We partied hard Saturday in celebration of Henry's first birthday. I partied about as hard as I could on two hours of sleep. I've yet to upload pics, so you'll have to wait to read about my long Friday night & even longer Saturday. I'm still in a bit of a sleep deprived fog from the weekend's events & am not yet prepared to blog it all out. What must absolutely happen now so that I can move on with life & clear some space in my head is for me to share my thoughts on John Green's The Fault in Our Stars. I won't leave you in suspense: I did not care for it.
It's all the rage right now in the world of YA literature (that's Young Adult for those of you who don't waste time on Goodreads reading hilarious book reviews, which you should consider doing, by the way, because it's awesome). John Green has been churning out YA novels for a few years & now they're making their way to the big screen. Me being a permanent resident in the world of YA literature, it was inevitable that I'd eventually sample some of Mr. Green's work, & having done so, I've decided not to board the John Green train.
For those who haven't read the book or seen the recently released film adaptation, The Fault in Our Stars covers a few months in the life of seventeen-year-old Hazel Grace Lancaster. Hazel has cancer, as does her love interest in the novel, Augustus (Gus) Waters, whom she meets at a support group for kids with cancer.
It's not the cancer that's off-putting. I was aware of the book's subject matter before I read it, so I was prepared to experience cancer through the eyes of a teenage girl. I actually decided to read it because I wanted to see how Green crafts a love story between two cancer-striken teens. I mean, that's a heavy essay prompt you handed yourself, Mr. Green.
Here come the gripes. My biggest complaint with the novel is the way Green deals with what I'll call religiosity. I didn't pick up the book expecting a story about two teens who love Jesus & face their untimely deaths bravely because they know they have a home in Heaven; were that the story Green tells, obviously Hollywood wouldn't have touched it with a ten foot pole. I was, however, surprised at the extent to which Green, via his narrator Hazel, openly mocks religion, & I was also saddened by the grandiose manner in which Green spits on what was in its inception, I think, a beautiful opportunity to meld what are typically end-of-life concerns with the curious minds of teens.
The support group Hazel & Gus attend meets in a church, & Green repeatedly uses this venue to take jabs at, well, Christians & Christianity, in my opinion. Through her dialogue with both Gus & her father, the reader learns that Hazel has no use for religion, & when Gus tells her that he believes some sort of heaven exists, claiming that, "I believe in Something with a capital S," Hazel questions him & thinks to herself, "I'd always associated belief in heaven with, frankly, a kind of intellectual disengagement. But Gus wasn't dumb."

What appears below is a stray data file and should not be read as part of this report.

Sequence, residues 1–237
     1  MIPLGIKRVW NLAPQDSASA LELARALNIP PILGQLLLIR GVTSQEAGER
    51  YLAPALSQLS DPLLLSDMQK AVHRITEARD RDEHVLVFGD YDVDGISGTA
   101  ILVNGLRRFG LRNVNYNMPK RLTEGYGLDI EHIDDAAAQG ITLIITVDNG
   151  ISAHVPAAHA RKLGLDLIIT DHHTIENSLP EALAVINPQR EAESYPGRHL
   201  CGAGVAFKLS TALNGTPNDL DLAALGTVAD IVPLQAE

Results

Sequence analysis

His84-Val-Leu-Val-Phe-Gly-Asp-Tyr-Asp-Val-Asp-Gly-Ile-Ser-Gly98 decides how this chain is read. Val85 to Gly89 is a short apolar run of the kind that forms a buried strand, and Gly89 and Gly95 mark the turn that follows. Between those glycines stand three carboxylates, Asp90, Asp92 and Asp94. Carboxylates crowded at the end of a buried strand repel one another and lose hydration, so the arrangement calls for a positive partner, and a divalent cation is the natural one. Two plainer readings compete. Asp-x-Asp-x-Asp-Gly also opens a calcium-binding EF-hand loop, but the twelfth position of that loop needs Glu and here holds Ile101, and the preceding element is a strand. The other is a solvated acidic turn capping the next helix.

When reading, I highlighted Hazel's statement about "intellectual disengagement" because finally Green has Hazel just come out & say it: she thinks people who believe in Heaven are dumb. Given her next statement, that Gus, whom she loves & respects & believes to be "not dumb," believes in, "Something with a capital S," I was hopeful that Hazel might experience some growth during the remainder of the novel . . . but no. No growth. You would think a teenage girl who is dying of cancer, & who *** SPOILER *** watches helplessly as her boyfriend dies of cancer would do a little mental digging, a little thinking outside the box. But no.
Green missed the boat here, in my humble opinion. I finished reading & sat in my bed thinking, So what does she learn? What does she take away from her time with Gus? ANYTHING?!? Apparently, not much. Despite the innumerable conversations she shares with Gus, Hazel seemingly has not changed one iota when the novel concludes. I wasn't expecting her to go down to her local church & ask to be baptized as she made the sign of the cross, but wow, for a character so ripe for deep thoughts about life & death, when the novel concludes, she is the same cynical teen the reader meets on page one. Do I understand the cynicism? Yes, of course, & at times, Hazel's acerbic wit is hilarious. But I don't understand her utter rejection of the idea of the existence of a benevolent God & a Heaven (a place she might see Gus again); this, to me, is the most depressing part of the novel - - not the cancer!